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Using a Windows PC for Desktop Publishing



The plethora of software options has always been one of the standard arguments in favor of the PC over the Mac. In terms of desktop publishing, all the major desktop publishing software packages are available in Windows versions. The vast majority of the mid-level and consumer desktop publishing products are available only on the PC making it easier for non-designers to move up in the ranks without sacrificing their investment in PC hardware and software.

Desktop publishing and graphic design involve graphics-intensive tasks and Macs used to dominate in the speed at which they handled these tasks. Today's PCs have caught up and the speed differences are practically non-existent.

PCs dominate the corporate and consumer world. For those who need to maintain compatibility with those users, such as running the same office suites, email programs, proprietary software, and even games then having a PC will make that possible.

Older arguments in favor of the Mac center around its graphical interface as opposed to the text-based interface of the PC. However, Windows put a graphical face on the PC and with Windows XP the PC environment has caught up to OS X so that the Mac OS and Windows look and feel are quite similiar.


Some service bureaus and printers remain resistant to supporting PC files. With more professional designers who are also PC users flooding the market, it is inevitable that these holdouts will have to change with the times by acquiring Windows PCs and by hiring new workers or training existing workers in the handling of PC files. In the meantime, Mac users who must work extensively with commercial service providers do have an advantage in terms of compatibility and overall acceptance. This could also translate to cost savings for the Mac user because service providers unaccustomed to PC files may charge more for their handling.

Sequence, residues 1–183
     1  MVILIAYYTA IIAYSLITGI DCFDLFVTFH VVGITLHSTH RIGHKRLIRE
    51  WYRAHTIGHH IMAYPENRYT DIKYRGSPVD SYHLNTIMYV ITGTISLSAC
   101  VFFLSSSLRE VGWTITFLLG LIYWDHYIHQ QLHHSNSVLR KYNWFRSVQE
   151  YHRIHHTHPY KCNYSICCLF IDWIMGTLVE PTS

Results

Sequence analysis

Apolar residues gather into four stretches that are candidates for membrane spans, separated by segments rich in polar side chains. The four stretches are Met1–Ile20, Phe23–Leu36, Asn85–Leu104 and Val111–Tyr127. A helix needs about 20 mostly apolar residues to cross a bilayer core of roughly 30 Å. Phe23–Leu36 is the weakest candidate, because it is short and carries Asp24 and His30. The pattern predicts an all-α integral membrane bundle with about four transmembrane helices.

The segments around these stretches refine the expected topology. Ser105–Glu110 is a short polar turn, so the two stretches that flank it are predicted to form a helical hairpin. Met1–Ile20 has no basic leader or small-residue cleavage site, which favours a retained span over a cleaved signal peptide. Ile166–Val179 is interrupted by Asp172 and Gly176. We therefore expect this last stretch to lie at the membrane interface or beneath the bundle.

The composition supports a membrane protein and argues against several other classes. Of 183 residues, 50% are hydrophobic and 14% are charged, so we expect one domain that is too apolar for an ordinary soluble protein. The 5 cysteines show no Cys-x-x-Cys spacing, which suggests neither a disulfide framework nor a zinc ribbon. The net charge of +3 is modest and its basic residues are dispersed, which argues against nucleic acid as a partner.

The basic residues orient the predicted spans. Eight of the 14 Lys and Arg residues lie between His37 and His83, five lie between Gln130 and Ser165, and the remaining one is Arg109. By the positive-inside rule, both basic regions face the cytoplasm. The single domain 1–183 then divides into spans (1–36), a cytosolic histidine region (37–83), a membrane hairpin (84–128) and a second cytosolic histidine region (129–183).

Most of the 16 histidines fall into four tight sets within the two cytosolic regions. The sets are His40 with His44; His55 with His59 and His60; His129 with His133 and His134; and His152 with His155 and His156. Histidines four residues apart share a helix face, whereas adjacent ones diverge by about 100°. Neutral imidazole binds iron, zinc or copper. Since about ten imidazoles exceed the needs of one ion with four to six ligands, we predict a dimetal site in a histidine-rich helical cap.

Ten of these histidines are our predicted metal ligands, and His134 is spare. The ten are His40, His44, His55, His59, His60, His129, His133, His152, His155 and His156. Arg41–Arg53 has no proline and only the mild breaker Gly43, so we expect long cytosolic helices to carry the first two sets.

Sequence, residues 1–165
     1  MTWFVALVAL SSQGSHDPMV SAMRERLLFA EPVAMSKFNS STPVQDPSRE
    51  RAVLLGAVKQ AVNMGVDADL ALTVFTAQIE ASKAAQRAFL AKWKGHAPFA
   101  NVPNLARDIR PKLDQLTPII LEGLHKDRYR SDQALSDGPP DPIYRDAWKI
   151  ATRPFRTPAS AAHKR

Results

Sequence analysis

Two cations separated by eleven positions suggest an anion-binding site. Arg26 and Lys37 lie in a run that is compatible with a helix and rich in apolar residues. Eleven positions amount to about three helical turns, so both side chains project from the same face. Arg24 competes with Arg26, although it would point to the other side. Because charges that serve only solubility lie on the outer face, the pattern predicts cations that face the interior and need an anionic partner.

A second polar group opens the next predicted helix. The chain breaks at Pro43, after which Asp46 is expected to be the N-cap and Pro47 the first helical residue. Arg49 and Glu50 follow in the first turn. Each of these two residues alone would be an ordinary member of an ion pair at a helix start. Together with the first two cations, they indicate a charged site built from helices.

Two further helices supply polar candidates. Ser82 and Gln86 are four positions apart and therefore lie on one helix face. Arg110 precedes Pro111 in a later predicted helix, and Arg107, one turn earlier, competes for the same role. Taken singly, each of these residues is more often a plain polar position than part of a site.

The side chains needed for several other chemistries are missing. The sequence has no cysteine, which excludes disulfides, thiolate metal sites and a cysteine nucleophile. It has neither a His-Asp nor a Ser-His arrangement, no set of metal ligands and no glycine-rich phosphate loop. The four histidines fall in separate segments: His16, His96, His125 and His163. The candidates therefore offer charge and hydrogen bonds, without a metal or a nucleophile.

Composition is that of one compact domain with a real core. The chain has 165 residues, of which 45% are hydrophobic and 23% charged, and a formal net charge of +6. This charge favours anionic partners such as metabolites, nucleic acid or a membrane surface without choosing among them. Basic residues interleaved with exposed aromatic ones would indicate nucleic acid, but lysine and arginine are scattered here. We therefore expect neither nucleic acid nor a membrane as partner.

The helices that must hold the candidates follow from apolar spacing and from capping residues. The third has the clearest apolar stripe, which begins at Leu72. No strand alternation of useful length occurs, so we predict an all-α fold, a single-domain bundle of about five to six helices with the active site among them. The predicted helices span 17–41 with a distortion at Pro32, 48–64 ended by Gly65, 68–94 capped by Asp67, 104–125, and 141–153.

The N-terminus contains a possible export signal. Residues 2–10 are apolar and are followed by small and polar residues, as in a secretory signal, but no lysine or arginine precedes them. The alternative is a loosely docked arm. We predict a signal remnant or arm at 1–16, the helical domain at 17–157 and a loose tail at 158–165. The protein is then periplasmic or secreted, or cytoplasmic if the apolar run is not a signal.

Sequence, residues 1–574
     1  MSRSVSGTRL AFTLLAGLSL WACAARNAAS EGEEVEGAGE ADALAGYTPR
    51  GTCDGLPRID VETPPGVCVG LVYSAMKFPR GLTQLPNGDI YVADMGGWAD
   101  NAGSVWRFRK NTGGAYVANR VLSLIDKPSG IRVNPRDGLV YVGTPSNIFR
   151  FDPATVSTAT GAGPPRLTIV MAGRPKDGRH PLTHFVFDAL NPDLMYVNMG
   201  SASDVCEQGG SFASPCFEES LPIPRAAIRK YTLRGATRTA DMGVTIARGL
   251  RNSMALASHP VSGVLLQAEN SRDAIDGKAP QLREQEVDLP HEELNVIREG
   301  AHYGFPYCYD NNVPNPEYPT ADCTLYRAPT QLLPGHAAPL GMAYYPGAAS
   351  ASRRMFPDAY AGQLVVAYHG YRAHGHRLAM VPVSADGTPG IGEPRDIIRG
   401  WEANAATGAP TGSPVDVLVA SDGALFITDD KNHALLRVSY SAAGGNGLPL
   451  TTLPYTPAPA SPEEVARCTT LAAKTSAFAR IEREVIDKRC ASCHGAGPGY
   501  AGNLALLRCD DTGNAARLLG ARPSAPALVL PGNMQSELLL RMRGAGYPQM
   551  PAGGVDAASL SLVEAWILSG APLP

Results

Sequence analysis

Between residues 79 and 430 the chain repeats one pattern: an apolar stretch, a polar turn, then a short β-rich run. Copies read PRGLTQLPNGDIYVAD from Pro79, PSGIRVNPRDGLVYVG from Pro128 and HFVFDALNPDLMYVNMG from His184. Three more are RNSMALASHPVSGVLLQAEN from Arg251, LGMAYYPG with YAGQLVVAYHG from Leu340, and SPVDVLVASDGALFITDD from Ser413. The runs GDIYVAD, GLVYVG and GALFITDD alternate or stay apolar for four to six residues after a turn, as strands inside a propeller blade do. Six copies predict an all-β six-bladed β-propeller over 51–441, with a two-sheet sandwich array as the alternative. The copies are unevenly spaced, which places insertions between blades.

For very high-end work where precision color-matching is absolutely required, the Mac may continue to have a slight edge.

In terms of cross-platform compatibility, Mac wins. Although there are programs that allow the PC to run Mac programs, at present, it generally works better the other way around.

The lower cost of PCs compared to Macs has been instrumental in the growth of the PC market. However, lower cost of the PC is generally only relevant for basic machines. To get the speed, storage capacity, and graphics capabilities necessary for most professional level design work will push the cost of the Windows PC closer to the cost of a Macintosh of comparable capabilities.

Some of the arguments against a PC are emotional or a matter of principle such as prejudice against Microsoft. Going with Apple and the Macintosh may be viewed as an act of rebellion against the norm of PC ownership. If it makes the user feel good, why not.

Where It Stands

The choice between a Windows PC and Mac for professional desktop publishing and graphic design work boils down to personal preference because either one can handle the work. Where possible, having both is an ideal, though costly, situation.

As for working with commercial service providers, the growing number of PC files submitted by both professionals and non-professionals will eventually force more and more printers to adapt to the PC platform. The PC-based designer may have to shop around a bit more and possibly work just a bit harder to insure that the files they prepare are problem-free so that the Mac-based service providers will have less trouble working with them, but these are good things.

The old standby arguments for why only a Mac will do for serious design work are no longer valid. Either one will work.

This document originated in 2003. While some of it still applies, here's a fresh look at the Mac vs. PC issue: Is Mac or PC Better for Graphic Design and Desktop Publishing?

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